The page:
The White House and Treasury pressed the banking industry Tuesday to use the US government's capital injections to boost lending instead of simply hoarding the cash. "Banks exist to lend money -- that's how they make money," White House spokeswoman Dana Perino said as the Treasury prepared to deliver the first round of infusions of a $US250-billion recapitalization plan. "So we think that one of the things that we have to do is help recapitalize them so that they have a capital base, so that they are willing to lend money." Perino said the government cannot force the banks to lend money but pointed out that "the banks are regulated by the Treasury Department ... they have every incentive to move forward and start using this money." The comments came as the Treasury announced a series of steps to begin delivering capital to banks this week and concerns expressed by some analysts that the banks were either hoarding cash or using the funds to buy other institutions.
(Vancouver Sun 081029)
Within a few months, everything has gone from being rosy to being drowned in shit. And now everyone is depending on the public purse to keep everything afloat by printing unlimited amounts of money, prompting inflation and currency devaluation. Everyone has to pay for a few people's greed and stupidity. Ridiculous.
Emergency lender may need a rescue
With Pakistan now joining Iceland, Hungary and Ukraine in the line forming outside the International Monetary Fund's New York headquarters, fears are rising as to just how prepared the IMF is should more countries fall into financial catastrophe. Though the fund is set up to float loans to central banks in times of financial crisis, some say the mounting pressures could soon leave the global lender of last resort unable to help those countries in need. Yesterday, British Prime Minister Gordon Brown called for a substantial increase in the IMF's reserves, appealing for help from countries still holding high foreign reserves, including China and oil-rich Middle Eastern states. "Capital flight has made a number of countries potential victims of this crisis," Brown said. "It is becoming increasingly clear that we cannot delay and that we need substantial international resources in addition to the US$250 billion that the IMF already has. We need this for the crisis we face now in the 21st century." The funds currently available to the IMF have been mostly amassed and given to the fund by members of the G-8 and, in total, amount to roughly a third of what the US alone required to bail out the American banking industry earlier this month. Peter Christoffersen, professor of economics at McGill University who worked with the IMF during the Asian financial crisis, seconded Brown's assertion. "(The IMF) could certainly reach a point where they have no lending capacity and then the governments that are not in trouble would then have to step in" to keep the fund buoyant. The problem is that it is becoming increasingly hard to find a country that's currently navigating the global financial storm with impunity.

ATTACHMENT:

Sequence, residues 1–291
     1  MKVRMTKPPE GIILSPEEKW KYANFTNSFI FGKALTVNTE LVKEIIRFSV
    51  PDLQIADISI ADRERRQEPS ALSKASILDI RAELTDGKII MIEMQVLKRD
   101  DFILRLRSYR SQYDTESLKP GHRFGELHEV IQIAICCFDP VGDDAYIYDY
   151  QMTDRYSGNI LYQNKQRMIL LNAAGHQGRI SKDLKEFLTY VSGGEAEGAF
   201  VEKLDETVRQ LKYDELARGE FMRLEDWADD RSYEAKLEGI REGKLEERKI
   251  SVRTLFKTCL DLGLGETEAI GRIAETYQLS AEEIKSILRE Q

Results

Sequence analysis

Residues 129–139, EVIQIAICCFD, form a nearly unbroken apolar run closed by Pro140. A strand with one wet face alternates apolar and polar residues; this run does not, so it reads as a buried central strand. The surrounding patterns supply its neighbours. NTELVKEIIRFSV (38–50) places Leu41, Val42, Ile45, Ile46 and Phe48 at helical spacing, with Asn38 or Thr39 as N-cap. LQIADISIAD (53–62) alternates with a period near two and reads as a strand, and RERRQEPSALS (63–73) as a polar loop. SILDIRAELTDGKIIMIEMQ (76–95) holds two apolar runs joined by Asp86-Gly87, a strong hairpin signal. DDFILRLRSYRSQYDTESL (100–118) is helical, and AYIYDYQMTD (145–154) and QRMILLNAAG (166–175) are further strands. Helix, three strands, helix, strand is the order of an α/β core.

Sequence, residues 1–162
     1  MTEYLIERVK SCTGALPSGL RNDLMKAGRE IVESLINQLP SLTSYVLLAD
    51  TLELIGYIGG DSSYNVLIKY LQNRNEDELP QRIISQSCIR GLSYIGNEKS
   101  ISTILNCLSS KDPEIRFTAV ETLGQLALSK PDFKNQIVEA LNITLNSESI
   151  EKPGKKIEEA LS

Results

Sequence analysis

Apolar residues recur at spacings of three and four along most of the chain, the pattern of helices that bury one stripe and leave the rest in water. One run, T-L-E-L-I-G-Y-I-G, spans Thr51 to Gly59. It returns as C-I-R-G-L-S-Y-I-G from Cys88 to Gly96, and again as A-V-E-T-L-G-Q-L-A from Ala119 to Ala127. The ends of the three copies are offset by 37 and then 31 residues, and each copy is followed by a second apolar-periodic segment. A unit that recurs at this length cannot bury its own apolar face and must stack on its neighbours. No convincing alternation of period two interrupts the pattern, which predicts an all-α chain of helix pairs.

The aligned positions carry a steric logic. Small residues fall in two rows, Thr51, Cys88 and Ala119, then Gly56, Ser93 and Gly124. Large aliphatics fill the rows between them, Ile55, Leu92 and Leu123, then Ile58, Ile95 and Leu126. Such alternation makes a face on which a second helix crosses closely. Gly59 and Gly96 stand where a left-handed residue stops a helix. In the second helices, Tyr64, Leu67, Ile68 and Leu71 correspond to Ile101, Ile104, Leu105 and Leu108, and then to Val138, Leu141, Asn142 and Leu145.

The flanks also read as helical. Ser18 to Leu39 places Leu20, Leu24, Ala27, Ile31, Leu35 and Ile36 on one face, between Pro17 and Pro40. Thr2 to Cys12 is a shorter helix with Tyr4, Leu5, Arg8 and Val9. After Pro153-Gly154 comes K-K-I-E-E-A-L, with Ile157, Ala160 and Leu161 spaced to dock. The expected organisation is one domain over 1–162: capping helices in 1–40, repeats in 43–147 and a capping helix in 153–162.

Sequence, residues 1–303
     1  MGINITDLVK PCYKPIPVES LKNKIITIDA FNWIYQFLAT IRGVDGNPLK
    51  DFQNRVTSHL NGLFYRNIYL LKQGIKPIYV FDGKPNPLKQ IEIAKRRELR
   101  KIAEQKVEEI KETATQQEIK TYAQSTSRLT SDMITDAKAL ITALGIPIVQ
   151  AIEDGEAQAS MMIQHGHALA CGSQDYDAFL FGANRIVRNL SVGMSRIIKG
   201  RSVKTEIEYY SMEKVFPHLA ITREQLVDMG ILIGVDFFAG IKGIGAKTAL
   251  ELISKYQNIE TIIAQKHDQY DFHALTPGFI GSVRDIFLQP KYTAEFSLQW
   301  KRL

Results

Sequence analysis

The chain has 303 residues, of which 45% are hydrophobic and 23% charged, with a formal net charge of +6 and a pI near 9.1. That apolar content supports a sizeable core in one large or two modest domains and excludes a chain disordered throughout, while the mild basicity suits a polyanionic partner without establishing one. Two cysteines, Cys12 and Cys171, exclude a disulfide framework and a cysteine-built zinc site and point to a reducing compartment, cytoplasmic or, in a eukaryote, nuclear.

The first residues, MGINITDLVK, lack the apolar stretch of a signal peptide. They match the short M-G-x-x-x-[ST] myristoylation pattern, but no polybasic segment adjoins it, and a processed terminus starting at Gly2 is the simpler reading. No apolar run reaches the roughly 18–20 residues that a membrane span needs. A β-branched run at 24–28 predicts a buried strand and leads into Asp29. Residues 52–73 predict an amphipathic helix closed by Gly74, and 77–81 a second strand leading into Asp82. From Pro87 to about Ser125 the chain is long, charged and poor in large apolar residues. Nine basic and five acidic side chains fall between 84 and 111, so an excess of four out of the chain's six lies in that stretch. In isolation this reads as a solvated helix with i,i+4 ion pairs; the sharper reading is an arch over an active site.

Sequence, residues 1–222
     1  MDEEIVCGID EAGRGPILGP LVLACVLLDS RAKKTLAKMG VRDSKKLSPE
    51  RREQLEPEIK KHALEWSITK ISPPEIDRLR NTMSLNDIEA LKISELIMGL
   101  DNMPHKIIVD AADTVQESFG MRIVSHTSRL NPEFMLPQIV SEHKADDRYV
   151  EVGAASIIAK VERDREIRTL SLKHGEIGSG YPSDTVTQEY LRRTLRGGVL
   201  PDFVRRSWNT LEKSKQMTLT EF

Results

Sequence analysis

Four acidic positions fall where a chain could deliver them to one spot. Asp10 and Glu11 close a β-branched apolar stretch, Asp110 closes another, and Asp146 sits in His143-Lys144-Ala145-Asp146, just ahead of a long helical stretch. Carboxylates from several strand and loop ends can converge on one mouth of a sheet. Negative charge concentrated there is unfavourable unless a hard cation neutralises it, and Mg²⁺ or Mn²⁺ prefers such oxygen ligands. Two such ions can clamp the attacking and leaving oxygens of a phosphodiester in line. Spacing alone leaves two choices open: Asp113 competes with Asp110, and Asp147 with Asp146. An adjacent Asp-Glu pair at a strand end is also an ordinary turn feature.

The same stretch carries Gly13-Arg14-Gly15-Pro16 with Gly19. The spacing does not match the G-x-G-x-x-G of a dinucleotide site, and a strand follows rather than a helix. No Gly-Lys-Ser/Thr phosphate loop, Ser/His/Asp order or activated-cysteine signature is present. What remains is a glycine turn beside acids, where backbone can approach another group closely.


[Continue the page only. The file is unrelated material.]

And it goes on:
(Toronto Star 081029)
Where does it all end? Once everyone is bankrupt and everything ceases to operate the way it once did? Wow, we could be on the verge of a sea change of attitude and design of all our cornerstone institutions after this sea of sludge washes over us and the survivors manage to surface for air. And this is just the present, folks. I think we've royally fucked several generations yet to come because of the past 20-30 years of unbridled 'free markets'.